StockMarketWire.com - Travel company On the Beach reported a 26% fall in annaul profit due to costs associated with the collapse of rival Thomas Cook.

Pre-tax profit for the year through September declined to £19.4m, down from £26.1m on-year.

Revenue rose 41% to £140.4m but the company incurred costs associated with helping customers to organise alternative travel arrangements and lost margin on cancelled bookings, in the wake of Thomas Cook's collapse in September.

Adjusted gross profit rose 7% to £99.1m and the company held its dividend steady at 3.3p per share.

'In what has been a difficult general economic climate with the prolonged uncertainty regarding Brexit and the related currency impacts, I am pleased with the group's performance,' chief executive Simon Cooper said.

Cooper said the first quarter of the company's financial year had historically been its quietest trading period.

'The failure of Thomas Cook has led to a material shift in market dynamics as it had a 20% share of beach holiday passengers and approximately 20% of the seat capacity to beach holiday destinations,' he said.

'This has created a significant short-term lack of seat capacity as well as an unprecedented opportunity in the medium-term to gain share.'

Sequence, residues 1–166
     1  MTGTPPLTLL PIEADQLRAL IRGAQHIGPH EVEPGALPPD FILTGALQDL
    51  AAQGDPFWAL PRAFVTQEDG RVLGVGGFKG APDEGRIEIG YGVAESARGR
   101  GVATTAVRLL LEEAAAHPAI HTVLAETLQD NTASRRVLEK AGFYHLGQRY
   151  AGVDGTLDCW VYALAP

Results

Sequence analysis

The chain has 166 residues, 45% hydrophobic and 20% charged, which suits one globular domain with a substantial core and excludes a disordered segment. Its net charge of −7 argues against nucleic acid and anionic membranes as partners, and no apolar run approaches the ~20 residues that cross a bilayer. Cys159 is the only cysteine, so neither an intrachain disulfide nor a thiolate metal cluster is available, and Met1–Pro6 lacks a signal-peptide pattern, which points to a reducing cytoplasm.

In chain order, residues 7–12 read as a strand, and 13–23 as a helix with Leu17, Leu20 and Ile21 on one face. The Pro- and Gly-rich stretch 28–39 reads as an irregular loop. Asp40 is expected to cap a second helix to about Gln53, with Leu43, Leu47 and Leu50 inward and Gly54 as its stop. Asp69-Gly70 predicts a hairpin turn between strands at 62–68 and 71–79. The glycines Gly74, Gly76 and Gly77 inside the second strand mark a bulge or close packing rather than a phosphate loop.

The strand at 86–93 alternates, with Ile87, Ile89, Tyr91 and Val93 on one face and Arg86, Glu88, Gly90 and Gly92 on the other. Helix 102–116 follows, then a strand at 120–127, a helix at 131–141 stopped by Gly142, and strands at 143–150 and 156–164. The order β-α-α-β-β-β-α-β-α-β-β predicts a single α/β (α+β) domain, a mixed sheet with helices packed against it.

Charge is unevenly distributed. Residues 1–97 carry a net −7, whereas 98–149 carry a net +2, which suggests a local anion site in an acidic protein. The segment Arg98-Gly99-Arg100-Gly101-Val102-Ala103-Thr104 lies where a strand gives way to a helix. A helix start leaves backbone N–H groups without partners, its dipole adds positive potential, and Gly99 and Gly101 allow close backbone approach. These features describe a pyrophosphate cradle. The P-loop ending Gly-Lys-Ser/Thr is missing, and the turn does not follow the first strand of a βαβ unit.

'Search demand has therefore been strong throughout the period following the failure albeit the loss of seat capacity has led to a supply-demand imbalance with a significant increase in flight pricing, particularly for winter 19/20 departures and for travel to Eastern Mediterranean destinations.'

' The board strongly believes the correct course of action to ensure that On the Beach is best-positioned to capture market share, is to focus on price competitiveness and to increase the visibility of all of the group's brands, with the expectation that seat supply will normalise during the 2020 financial year.'

'Whilst the consumer environment will continue to be challenging, we remain confident in the ability of our resilient and flexible business model to significantly increase our market share in the medium term.'

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